**I was quite pleased to take in his diagnosis paperwork yesterday, which will now entitle his school to $18,000 a year specifically for his support.


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Two Years of Thanks

Posted by on Mar 12, 2012 | 0 comments

Two Years of Thanks

Today is the second anniversary of the day I started this website.  As I ruminate on the changes starting Autism is A Trip has made in my life, I can’t help but think of all of the things I am thankful for.

The people and groups I have come to know through the Autism is A Trip Facebook page.

The people I have met through the comments on individual posts.

The organizations I have explored and often joined.

The other bloggers I have discovered, enjoyed, shared and commiserated with.

Each and every individual I have encountered over the last two years has brought something to my table, be it knowledge, experience, empathy, sympathy or unabashed love. I am thankful for each and every one.  It has been an interesting trip, one I hope to continue with you all for a long time to come.

Thank you for coming, thank you for reading, thank you for sharing with me.

As always, I’m so very glad you’re here.




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Guest Post: Off The Top

Posted by on Feb 2, 2012 | 0 comments

Guest Post: Off The Top

Today’s post is by Jeff Stimpson, a fellow autism blogger who appreciates the humor on our journey. 

Off the Top

When my 13-year-old son Alex was a toddler, we took him to a toddlers’ place for haircuts: flat plastic cars to sit in, sweet female stylists, toys, Elmo on the VCR in front of him while he got a little off the top. They understood there for a long time, even as Alex’s legs grew too long for the plastic cars and a thin brown line appeared along his upper lip. “Alex, how are you!?” they’d want to know, their assistants who handled the aprons and the changing of the VCR tapes hovering nearby. I would hover with toys. “Alex, be good for a cut and you can have this.”
They were nice. They were pricey: $35 for a boy’s cut, plus the toys ($5 or so) plus tips for the stylists and their assistants. It hardly seemed fair that Alex (PDD-NOS) got the fun toddlers’ place for cuts and Ned, his typically-developing younger brother, didn’t, at least for a while, so the bill for the two boys sometimes near seventy bucks.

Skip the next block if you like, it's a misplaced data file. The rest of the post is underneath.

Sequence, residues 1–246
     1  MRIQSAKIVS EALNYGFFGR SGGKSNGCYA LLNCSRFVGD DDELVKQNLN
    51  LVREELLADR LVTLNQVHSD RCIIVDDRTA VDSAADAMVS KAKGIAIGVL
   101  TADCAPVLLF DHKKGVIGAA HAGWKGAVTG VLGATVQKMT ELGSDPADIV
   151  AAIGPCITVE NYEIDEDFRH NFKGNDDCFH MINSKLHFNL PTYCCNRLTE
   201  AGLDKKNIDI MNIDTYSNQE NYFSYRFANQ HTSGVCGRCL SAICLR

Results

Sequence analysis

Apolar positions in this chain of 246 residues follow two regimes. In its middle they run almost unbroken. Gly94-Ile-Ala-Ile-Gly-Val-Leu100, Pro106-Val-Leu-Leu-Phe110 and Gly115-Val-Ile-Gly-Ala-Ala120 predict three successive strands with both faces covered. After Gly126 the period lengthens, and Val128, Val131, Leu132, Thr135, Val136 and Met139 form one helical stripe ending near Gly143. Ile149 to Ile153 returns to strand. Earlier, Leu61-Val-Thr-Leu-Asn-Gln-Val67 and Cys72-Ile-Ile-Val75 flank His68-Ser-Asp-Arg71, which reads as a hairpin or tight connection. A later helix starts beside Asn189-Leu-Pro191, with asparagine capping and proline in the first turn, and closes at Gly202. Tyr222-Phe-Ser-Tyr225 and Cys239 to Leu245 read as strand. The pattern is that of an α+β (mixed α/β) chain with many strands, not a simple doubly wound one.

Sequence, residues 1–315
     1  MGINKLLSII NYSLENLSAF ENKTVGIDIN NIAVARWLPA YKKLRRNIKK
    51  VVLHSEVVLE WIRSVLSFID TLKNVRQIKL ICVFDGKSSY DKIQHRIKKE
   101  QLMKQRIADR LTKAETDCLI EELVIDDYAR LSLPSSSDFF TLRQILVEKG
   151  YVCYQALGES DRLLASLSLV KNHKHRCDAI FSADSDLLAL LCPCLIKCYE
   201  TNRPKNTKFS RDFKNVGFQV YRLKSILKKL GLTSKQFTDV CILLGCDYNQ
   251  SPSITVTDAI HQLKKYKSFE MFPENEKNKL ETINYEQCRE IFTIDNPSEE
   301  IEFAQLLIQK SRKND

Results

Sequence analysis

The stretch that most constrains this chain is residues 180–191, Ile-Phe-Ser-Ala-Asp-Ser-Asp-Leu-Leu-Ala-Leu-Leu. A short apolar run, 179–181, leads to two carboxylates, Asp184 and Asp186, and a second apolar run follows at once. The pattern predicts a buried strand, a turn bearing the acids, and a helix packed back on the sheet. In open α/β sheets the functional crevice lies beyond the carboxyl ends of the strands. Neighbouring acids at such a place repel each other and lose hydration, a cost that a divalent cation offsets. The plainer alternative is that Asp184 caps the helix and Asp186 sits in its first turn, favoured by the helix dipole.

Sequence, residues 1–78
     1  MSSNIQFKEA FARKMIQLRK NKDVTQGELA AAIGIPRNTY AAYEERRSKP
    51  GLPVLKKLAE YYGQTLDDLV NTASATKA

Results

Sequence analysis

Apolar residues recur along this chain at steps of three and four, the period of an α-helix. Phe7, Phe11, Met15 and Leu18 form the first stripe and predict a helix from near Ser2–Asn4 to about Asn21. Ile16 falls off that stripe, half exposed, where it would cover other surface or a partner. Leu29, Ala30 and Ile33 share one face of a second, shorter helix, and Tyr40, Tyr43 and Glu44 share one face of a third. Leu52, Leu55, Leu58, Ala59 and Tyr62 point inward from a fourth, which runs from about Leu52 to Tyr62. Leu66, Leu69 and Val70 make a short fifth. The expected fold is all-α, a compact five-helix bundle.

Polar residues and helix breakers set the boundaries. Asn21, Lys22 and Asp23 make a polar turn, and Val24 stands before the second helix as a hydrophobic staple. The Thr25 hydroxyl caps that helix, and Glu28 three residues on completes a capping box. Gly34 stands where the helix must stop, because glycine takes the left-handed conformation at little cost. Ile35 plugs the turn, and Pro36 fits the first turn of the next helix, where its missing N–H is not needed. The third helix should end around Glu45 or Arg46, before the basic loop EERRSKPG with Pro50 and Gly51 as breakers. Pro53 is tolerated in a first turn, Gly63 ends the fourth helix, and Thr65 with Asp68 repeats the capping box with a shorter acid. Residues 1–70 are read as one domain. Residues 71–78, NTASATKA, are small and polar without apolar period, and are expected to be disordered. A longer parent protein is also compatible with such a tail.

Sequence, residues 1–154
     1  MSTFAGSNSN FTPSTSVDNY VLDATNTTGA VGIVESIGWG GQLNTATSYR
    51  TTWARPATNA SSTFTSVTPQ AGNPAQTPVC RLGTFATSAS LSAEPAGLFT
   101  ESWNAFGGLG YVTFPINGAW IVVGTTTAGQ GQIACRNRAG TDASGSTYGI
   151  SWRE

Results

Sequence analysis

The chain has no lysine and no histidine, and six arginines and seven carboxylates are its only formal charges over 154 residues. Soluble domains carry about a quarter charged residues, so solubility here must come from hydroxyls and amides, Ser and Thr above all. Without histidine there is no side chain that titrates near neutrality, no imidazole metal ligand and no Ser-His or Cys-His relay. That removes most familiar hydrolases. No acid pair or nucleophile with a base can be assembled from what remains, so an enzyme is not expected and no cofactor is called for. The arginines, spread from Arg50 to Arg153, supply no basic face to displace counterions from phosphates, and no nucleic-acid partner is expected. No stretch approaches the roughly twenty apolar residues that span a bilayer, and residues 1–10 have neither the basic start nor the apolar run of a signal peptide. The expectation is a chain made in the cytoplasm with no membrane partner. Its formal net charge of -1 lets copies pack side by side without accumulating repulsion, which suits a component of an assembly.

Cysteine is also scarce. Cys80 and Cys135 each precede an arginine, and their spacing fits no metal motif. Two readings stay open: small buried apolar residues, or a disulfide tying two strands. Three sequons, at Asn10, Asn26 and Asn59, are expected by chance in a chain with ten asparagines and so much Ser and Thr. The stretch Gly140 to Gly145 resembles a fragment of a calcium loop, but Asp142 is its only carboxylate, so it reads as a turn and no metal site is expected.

My wife Jill tried trimming Alex’s hair a few times, but though she likes to think of herself as a home barber she’s been clipper-shy ever since a decade ago when she buzzed me while watching, for some reason, The Shining (Her: Christ I forgot this part!! Me: Jill my ear!) Then we tried a lady who came to our house and claimed to have experience with cutting the hair of children with autism. She was good; Jill didn’t like the cut.
Off to barbers. It was easy with Ned, whose first haircut was in a wood-paneled joint where the barber had to put down his Racing Forum first. With Alex we had to try a joint of Italians, another of Russians (barber shops tend to run by ethnic groups in New York). Alex twisted at the buzz of the clippers, twisted at the snip of the scissors or the swish of the apron. The languages were different but the message universal: I can’t cut his hair if he won’t sit still.
The search was on. There are maybe a half dozen shops within a 20-minute walk, and one of these is Mr. Lucky’s European Styles. A slit of a place, padded chairs, photos of models with the cuts you can request, stylists’ cards in front of their mirrors. I noticed the teenager who had to be lifted into the barber’s chair from a wheelchair. The barber didn’t pause a second before going to work on the young man, whose head lolled as he dropped a basketball; it bounced to me and I passed it back to his father, who looked tired, and I got the feeling I’d found something.
“What’s his name?” the barber asked me at Alex’s turn to climb into the chair. “What’s his name? Okay Alex, sit still. Sit still. We’ll be done in second.”
He snapped the apron over Alex and cut around the ears and up the back. Scoop with the fingers and clip clip across the top. The dark inches tumbled down Alex’s apron and I thought, This barber knows someone with this.